Books·How I Wrote It

How Elan Mastai time-warped his way to a debut novel

All Our Wrong Todays is on the Canada Reads 2019 longlist.
Elan Mastai is the author of the sci-fi novel All Our Wrong Todays. (David Leyes)

Are we living in someone else's dystopia? That's the question at the heart of All Our Wrong Todays. In the novel, a smarmy yet somehow sympathetic narrator who comes from a classic-sci-fi future (complete with flying cars) is left agog at the horrendously messy world (our own) that he accidentally time-travels his way into.

All Our Wrong Todays is on the Canada Reads 2019 longlist. The final five books and the panellists defending them will be revealed on Jan. 31, 2019. The 2019 debates are happening on March 25-28, 2019 and will be hosted by Ali Hassan.

In his own words, screenwriter Elan Mastai explains how he wrote his debut novel.

Future perfect

"There were three main sources of inspiration for this book, spread out over decades. The first comes from my grandfather, who was a chemist. He really believed in his core that science was the answer to all the problems of the future. He also had an extensive collection of 1950s and 1960s sci-fi novels. I loved staring at these garish paintings of robots and rocket ships and futuristic cities. But I was aware of this disconnect — that our reality, our world, didn't happen the way the books depicted it to be.

"The second main inspiration was Expo 86 in Vancouver. Expo 86 was the last World's Fair ever hosted in North America. The expos really defined our vision of the future, but it feels like after Expo 86, we stopped dreaming of the same futures, or at least they started to seem a lot less likely. Those ideas were very present for me. I think as I got older, I was wondering what happened to that future we were promised.

"Then in more recent years, I noticed the rise of dystopian pop culture, whether in YA novels or TV or films. Part of the genesis of this idea was thinking of someone from my grandfather's generation arriving in 2016 and being horrified that the science-first, utopian future they were imagining was just around the corner never happened. It occurred to me that I could combine these ideas: someone from this utopian version of the present coming to our actual present."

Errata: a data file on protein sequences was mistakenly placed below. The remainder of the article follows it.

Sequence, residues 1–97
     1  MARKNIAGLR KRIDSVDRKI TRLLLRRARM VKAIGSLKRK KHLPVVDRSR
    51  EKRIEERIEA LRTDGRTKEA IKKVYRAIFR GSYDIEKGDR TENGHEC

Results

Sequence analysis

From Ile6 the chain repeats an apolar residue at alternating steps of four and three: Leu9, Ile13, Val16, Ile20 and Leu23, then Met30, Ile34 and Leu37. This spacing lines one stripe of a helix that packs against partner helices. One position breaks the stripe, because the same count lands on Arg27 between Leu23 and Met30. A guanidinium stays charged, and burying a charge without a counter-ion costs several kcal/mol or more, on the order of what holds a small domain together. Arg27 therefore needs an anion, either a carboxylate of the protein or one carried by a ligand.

Four-legged first chapter

"I had the idea for a little while before I put pen to paper. I thought, well, is this a movie? One day I'm walking my dog, and I'm thinking if only this could be in the first person, but it can't be first person because you can't do that in a movie without a ton of voice-over. And then I thought, wait, this could be a novel. Right at that moment, I sat down on a bench and I tapped out, on my phone, what pretty much became the first chapter of the book, just like that. My dog, Ruby Slippers, was whining because she wanted to keep going. If I hadn't just had that thought in that moment walking down the street while my dog was yanking on the leash, I may never have written the book at all. It felt like it was just a quirk of fate. For whatever reason, that kind of initial rush — I kept chasing that, I kept chasing that feeling. I chased it all the way to my first novel."

Short & swift

"The book is structured into really short chapters. When I wrote this book, I didn't have a publishing deal or a literary agent. So I fit the writing around my other work. I made a deal with myself, which was that I would write 250–500 words a day, but every single day. And initially, the short chapters were because each chapter represented one of these days of work. But at the same time, that structure started to actually work, and I found it made the reading experience compulsive. It propelled the plot forward. Only after I wrote the book did I realize that, as a screenwriter, I'm very comfortable with short scenes. I didn't think about it when I was writing, but these short chapters were a lot like movie scenes."

Elan Mastai's comments have been edited and condensed.

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